What does it mean for investors?
I must admit, my attitude about Intrexon is beginning to change for the bullish given the tangible, near-term growth opportunities. However, most of Intrexon stock's gains in 2015 are the result of optimism about the company's healthcare partnerships, which mostly amount to future potential right now. Let's face it: No headline about cattle breeding product and services revenue sent shares higher -- nor will it. Despite the growth opportunities in food applications for 2015 and the continuing string of new acquisitions, the market is out of sync with reality at the moment. For that reason, I would tread carefully around the company's $5 billion market cap.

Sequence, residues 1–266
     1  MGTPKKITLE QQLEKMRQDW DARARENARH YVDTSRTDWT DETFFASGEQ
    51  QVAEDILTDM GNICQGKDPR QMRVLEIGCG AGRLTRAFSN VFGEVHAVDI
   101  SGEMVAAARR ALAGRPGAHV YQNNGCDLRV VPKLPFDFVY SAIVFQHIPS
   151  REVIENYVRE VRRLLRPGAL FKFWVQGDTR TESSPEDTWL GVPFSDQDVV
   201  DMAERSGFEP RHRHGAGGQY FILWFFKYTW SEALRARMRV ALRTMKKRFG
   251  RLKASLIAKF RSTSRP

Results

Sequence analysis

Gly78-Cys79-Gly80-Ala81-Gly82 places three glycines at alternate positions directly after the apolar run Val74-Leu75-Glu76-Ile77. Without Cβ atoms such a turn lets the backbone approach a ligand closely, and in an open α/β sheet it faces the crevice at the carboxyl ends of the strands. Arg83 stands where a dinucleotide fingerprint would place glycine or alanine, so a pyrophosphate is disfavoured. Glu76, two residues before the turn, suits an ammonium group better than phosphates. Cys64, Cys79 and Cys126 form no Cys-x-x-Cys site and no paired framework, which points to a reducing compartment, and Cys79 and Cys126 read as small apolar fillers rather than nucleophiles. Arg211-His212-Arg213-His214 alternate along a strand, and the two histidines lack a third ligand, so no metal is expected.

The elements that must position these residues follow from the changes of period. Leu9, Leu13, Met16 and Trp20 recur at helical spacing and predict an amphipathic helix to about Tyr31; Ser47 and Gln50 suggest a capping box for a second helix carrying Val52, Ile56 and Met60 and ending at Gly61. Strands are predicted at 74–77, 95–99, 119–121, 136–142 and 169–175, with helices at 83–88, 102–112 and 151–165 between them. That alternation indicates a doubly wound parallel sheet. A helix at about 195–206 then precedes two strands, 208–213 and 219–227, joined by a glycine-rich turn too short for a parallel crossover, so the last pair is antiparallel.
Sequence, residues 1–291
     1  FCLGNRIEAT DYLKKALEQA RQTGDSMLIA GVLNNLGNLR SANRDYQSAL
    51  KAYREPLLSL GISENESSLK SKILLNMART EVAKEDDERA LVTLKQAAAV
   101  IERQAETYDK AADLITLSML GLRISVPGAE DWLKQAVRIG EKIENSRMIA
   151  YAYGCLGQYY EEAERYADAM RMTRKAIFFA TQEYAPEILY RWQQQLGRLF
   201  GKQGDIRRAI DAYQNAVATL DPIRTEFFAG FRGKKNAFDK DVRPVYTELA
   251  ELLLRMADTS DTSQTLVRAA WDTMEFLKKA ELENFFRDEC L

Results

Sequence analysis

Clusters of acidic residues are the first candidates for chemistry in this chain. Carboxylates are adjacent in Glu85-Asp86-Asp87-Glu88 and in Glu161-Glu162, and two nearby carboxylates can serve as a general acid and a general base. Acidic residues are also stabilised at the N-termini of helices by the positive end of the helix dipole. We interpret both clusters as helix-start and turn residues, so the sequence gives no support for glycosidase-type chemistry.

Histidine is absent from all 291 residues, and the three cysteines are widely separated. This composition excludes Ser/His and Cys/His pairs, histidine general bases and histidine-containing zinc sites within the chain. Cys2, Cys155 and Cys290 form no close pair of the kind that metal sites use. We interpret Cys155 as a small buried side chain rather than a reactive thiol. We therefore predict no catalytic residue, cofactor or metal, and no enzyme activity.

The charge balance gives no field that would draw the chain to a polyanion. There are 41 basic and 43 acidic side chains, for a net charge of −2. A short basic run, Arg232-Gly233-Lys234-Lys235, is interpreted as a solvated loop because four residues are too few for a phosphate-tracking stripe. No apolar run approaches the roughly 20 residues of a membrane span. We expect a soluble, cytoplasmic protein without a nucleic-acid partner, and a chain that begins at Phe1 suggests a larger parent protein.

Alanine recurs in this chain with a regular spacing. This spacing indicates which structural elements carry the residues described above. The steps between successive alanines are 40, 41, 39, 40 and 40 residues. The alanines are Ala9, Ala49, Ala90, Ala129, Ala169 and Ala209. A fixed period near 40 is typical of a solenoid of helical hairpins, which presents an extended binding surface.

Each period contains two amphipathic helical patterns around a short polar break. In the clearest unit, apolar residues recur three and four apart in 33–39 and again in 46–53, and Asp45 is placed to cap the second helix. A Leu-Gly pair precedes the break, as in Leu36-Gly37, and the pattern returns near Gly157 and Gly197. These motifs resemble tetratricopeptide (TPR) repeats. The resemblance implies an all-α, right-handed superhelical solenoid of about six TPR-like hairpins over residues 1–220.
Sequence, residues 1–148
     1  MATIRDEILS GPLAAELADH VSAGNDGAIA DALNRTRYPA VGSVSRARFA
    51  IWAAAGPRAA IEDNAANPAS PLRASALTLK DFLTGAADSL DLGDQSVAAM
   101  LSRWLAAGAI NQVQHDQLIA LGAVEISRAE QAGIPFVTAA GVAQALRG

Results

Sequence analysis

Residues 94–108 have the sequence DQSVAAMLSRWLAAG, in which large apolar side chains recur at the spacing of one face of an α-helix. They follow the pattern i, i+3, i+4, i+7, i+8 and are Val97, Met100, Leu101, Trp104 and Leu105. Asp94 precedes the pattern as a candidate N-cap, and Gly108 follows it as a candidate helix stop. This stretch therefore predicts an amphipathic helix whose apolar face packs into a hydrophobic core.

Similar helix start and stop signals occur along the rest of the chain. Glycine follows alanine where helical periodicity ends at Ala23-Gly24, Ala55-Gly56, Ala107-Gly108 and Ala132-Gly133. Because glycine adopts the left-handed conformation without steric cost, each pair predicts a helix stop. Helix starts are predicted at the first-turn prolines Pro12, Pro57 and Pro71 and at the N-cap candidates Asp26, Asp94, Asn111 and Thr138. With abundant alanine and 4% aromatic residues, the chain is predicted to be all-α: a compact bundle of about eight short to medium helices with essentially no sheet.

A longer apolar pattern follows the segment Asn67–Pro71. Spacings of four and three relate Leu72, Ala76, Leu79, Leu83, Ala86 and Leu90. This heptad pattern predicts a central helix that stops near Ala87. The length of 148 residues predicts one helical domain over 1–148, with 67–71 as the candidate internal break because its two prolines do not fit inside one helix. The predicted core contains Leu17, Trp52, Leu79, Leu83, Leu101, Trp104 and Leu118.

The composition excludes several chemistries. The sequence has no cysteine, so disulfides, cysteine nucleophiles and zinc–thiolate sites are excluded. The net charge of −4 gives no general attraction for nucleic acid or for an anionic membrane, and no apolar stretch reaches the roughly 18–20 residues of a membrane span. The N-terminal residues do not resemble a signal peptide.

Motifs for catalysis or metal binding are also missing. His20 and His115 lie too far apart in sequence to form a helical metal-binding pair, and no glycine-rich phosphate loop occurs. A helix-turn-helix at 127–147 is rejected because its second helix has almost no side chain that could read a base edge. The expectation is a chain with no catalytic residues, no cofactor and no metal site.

The article Can Intrexon Corp's Jaw-Dropping Growth Continue after Tuesday's 20% Jump? originally appeared on Fool.com.

Maxx Chatsko has no position in any stocks mentioned. Check out hispersonal portfolio,CAPS page,previous writingfor The Motley Fool, and follow him on Twitter to keep up with developments in the synthetic biology field.The Motley Fool has no position in any of the stocks mentioned. Try any of our Foolish newsletter services free for 30 days. We Fools may not all hold the same opinions, but we all believe that considering a diverse range of insights makes us better investors. The Motley Fool has a disclosure policy.